By Cameron Sutt
In Slavery in Árpád-era Hungary in a Comparative Context, Cameron Sutt examines servile labour within the first 3 centuries of the Hungarian nation and compares it with established labour in Carolingian Europe. Such comparative method offers a very transparent view of the character of established labour in either regions.
Using laws in addition to constitution facts, Sutt establishes that lay landlords of Árpádian Hungary usually relied upon slaves to paintings their land, however the state of affairs in Carolingian parts was once even more advanced. using slave labour in Hungary persisted until eventually the tip of the 13th century while a mixture of financial and political components introduced it to an finish.
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Additional resources for Slavery in Árpád-era Hungary in a Comparative Context
32 chapter 1 Establishing a definition that allows the differentiation of the slave from the serf is my main task, and here it must be kept in mind that the nature of the source material renders criteria involving dishonour not particularly useful. Most of the source material for Árpád-era Hungary consists of laws and charters that do not address issues of the dishonour of servi directly. Therefore, though I consider them the most fundamental, issues of dishonour are conspicuously absent. I propose the following criteria for defining a slave in the period in question: 1.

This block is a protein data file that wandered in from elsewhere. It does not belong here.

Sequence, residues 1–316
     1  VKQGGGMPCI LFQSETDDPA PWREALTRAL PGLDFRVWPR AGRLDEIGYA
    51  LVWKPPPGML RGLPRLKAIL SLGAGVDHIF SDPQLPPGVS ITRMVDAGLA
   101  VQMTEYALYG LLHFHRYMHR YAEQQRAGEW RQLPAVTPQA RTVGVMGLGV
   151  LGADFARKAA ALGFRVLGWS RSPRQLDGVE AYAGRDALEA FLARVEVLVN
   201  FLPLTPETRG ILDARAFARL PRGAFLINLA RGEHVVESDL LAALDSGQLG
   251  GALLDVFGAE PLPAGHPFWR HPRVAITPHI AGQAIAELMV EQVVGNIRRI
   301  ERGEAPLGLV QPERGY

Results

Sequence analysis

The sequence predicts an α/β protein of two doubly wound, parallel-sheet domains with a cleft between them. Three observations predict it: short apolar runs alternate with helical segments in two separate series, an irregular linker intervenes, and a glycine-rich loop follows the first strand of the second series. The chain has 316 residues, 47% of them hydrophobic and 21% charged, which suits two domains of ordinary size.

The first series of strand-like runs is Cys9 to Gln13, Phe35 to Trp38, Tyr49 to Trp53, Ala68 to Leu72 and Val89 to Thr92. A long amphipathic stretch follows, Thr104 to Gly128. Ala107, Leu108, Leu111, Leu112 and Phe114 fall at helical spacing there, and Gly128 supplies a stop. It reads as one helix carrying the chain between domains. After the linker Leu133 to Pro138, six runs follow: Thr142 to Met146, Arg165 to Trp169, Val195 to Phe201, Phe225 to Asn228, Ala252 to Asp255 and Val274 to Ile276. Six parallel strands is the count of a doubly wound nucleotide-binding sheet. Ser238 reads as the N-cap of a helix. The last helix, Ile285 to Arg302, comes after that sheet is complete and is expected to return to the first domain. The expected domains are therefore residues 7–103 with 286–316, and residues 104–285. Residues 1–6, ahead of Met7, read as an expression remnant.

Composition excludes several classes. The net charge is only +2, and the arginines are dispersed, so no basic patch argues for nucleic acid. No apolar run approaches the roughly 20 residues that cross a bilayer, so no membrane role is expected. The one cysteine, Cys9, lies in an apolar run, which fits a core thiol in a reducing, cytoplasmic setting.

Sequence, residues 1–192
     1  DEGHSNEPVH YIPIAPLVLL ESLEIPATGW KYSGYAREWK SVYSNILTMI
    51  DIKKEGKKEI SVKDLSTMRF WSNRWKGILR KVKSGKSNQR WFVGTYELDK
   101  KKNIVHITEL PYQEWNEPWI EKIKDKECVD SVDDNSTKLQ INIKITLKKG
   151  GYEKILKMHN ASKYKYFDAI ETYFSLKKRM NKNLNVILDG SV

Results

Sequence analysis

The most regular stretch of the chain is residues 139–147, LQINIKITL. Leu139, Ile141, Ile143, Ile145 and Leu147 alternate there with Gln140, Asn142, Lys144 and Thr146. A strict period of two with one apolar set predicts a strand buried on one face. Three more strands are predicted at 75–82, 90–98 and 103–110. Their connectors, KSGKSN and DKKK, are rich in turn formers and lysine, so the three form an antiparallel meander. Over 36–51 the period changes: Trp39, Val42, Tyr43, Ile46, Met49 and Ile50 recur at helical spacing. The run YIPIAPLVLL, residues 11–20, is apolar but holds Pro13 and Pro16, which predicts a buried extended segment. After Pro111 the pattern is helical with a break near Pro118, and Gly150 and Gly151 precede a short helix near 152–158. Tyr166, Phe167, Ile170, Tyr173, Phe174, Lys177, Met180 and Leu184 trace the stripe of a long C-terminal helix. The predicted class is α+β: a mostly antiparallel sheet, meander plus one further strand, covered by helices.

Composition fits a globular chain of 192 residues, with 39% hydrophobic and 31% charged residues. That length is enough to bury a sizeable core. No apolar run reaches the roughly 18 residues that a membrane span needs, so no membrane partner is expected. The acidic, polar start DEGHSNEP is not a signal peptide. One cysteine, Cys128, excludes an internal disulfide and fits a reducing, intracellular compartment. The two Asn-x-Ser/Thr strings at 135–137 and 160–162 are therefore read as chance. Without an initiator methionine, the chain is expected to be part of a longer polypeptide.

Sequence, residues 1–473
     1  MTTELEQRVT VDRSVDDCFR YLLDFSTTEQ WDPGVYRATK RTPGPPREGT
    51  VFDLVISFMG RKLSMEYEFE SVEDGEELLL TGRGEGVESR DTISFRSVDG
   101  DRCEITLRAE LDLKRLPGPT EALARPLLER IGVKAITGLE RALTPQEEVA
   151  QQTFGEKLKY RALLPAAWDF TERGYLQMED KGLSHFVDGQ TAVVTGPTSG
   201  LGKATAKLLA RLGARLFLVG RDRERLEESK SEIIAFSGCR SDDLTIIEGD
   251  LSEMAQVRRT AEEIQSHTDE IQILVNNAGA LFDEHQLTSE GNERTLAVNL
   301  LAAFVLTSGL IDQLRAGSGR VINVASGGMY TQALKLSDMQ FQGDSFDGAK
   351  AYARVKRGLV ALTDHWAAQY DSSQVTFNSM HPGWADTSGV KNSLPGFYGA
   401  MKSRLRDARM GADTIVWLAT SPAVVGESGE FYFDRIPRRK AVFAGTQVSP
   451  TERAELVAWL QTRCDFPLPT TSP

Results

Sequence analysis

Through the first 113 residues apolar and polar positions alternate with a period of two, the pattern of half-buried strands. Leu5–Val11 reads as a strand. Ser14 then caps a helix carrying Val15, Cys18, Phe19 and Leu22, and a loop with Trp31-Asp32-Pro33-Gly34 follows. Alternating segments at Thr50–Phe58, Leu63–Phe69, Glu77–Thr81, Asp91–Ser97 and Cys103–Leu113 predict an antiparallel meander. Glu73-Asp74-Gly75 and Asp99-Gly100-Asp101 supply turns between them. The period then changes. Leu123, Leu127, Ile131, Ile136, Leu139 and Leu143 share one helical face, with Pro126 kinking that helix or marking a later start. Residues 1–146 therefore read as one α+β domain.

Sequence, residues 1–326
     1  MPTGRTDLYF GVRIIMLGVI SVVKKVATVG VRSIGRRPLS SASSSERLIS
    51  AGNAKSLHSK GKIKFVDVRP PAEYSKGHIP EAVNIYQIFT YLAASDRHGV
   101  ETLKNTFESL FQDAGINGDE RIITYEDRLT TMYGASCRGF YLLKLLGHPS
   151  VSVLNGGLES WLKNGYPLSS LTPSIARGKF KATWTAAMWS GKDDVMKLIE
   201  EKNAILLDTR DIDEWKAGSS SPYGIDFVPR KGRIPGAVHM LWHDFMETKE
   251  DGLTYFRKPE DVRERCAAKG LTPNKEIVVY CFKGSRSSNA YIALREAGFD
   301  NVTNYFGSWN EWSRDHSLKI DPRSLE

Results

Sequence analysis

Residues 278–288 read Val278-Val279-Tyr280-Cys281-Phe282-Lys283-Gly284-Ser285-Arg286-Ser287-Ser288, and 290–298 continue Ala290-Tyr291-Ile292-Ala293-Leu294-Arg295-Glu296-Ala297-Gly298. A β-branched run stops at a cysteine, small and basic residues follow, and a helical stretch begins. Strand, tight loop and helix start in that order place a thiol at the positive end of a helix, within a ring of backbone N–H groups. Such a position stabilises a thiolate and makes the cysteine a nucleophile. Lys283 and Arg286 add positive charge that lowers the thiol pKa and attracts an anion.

143 Stanley L. Engerman, ‘Slavery, Serfdom and Other Forms of Coerced Labour: Similarities and Differences’, in Serfdom and Slavery: Studies in Legal Bondage, ed. L. Bush (New York: Longman, 1996), 22. 144 Wendy Davies, ‘On Servile Status in the Early Middle Ages’, in Serfdom and Slavery, ed. L. Bush (New York: Longman, 1996), 225–26. Introduction 25 the land on which they lived. 146 Slaves also had fewer family rights than serfs, if any. The families of serfs had legal sanction and were protected.
What remains are isolated periods and phenomena with no connection to a wider historical discussion. The result is a sort of antiquarian interest in what ends up being little more than artefacts of social history. In fact, slavery lends itself particularly well to the sort of comparative discussion that can bring depth to our understanding of society. As John Edward Philips has argued, the near-universality of slavery as part of the human condition, combined with the multitude of social and cultural variations it displays, indicates that slavery itself is the result of the cognitive process of labelling.
Slavery in Árpád-era Hungary in a Comparative Context by Cameron Sutt